The announcement was made to mark 80 years in 2018 since Italy's Fascist government introduced racial laws discriminating against Jews.
Aged just eight at the time, Segre was expelled from her school after these laws came into effect and five years later she and most of her family were arrested after trying to flee to Switzerland.
She was deported to Auschwitz and was one of only 25 Italian child survivors of the 776 who were sent to that camp.
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Segre said that Friday's decision was a “bolt from the blue”. Speaking to news agency Ansa, she said she felt a “grave responsibility” to ensure that the Italian Senate takes notice of “all the distant voices that risk being lost to oblivion”.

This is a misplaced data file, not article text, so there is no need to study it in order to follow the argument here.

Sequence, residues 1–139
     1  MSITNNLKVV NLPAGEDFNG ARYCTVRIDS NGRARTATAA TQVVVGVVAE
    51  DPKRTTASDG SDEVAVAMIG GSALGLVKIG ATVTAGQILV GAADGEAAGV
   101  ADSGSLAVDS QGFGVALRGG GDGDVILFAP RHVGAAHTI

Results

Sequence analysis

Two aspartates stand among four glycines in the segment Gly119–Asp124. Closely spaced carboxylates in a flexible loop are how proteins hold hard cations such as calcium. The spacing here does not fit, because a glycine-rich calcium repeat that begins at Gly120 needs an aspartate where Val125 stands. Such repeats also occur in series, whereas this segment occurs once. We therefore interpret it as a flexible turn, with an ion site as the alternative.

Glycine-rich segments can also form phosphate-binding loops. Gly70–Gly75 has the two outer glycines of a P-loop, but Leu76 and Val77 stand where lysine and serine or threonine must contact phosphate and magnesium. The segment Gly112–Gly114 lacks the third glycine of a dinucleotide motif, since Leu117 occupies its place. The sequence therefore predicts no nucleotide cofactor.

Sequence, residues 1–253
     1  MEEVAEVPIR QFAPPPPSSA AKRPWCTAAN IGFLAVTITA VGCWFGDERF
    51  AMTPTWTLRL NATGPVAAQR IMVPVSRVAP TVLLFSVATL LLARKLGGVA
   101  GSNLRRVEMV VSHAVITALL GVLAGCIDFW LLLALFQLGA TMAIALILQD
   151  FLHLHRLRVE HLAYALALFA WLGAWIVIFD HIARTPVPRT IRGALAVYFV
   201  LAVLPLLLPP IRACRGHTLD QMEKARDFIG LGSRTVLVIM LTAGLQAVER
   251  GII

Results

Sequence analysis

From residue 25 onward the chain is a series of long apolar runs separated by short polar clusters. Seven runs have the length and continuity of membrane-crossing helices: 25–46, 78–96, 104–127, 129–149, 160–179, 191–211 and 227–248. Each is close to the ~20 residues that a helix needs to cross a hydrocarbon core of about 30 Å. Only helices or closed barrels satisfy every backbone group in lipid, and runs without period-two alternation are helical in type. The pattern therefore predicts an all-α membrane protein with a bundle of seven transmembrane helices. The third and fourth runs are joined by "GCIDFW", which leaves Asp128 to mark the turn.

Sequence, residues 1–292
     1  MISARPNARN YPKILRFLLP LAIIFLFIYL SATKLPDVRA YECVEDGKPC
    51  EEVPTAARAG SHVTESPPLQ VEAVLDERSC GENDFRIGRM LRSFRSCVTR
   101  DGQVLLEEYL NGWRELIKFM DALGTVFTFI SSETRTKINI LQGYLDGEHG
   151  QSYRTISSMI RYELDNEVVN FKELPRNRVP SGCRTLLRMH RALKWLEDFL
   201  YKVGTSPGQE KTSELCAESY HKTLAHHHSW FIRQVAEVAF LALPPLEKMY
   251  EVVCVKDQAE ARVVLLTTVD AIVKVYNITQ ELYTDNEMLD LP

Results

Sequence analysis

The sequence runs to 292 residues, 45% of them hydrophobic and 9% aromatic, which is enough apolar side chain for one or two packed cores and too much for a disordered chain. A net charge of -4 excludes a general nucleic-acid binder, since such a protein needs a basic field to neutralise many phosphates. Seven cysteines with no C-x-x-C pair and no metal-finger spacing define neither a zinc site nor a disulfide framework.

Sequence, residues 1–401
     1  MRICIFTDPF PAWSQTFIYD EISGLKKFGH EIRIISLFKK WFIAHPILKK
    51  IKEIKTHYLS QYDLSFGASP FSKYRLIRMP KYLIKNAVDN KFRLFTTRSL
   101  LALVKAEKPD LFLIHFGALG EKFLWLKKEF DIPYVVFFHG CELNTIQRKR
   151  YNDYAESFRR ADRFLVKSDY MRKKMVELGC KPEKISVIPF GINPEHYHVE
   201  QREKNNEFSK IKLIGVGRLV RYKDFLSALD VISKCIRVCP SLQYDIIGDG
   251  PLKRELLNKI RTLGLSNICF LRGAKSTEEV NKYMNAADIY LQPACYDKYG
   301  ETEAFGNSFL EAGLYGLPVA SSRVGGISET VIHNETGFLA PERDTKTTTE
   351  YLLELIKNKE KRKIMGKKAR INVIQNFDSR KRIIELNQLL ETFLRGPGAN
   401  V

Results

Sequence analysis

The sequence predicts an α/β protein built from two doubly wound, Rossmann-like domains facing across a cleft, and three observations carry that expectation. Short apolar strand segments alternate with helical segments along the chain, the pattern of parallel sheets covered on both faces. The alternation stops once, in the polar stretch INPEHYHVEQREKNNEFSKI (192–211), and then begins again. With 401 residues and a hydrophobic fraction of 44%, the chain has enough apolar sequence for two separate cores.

“The life of Liliana Segre is a testimony to freedom. As senator she will show us the value of memory,” said Prime Minister Paolo Gentiloni in a tweet.
For several decades after her liberation, Segre chose not to speak publicly about what she had experienced, but in the '90s she began to tell her story at schools and conferences. Since then, her testimony has been featured in multiple documentaries and books about the Holocaust.
The video below shows Segre speaking at Milan's American School.
Segre has also spoken out against “indifference” towards migrants and victims of people-traffickers in Europe today.
She is the first lifetime senator Mattarella has appointed; this is a small group, currently numbering six, which includes former presidents and those appointed by presidents on the basis of outstanding achievements.
Former president Giorgio Napolitano, who himself is a senator for life, appointed four: former PM and economist Mario Monti, Nobel Prize-winning physicist Carlo Rubbia, biologist Elena Cattaneo, and architect Renzo Piano.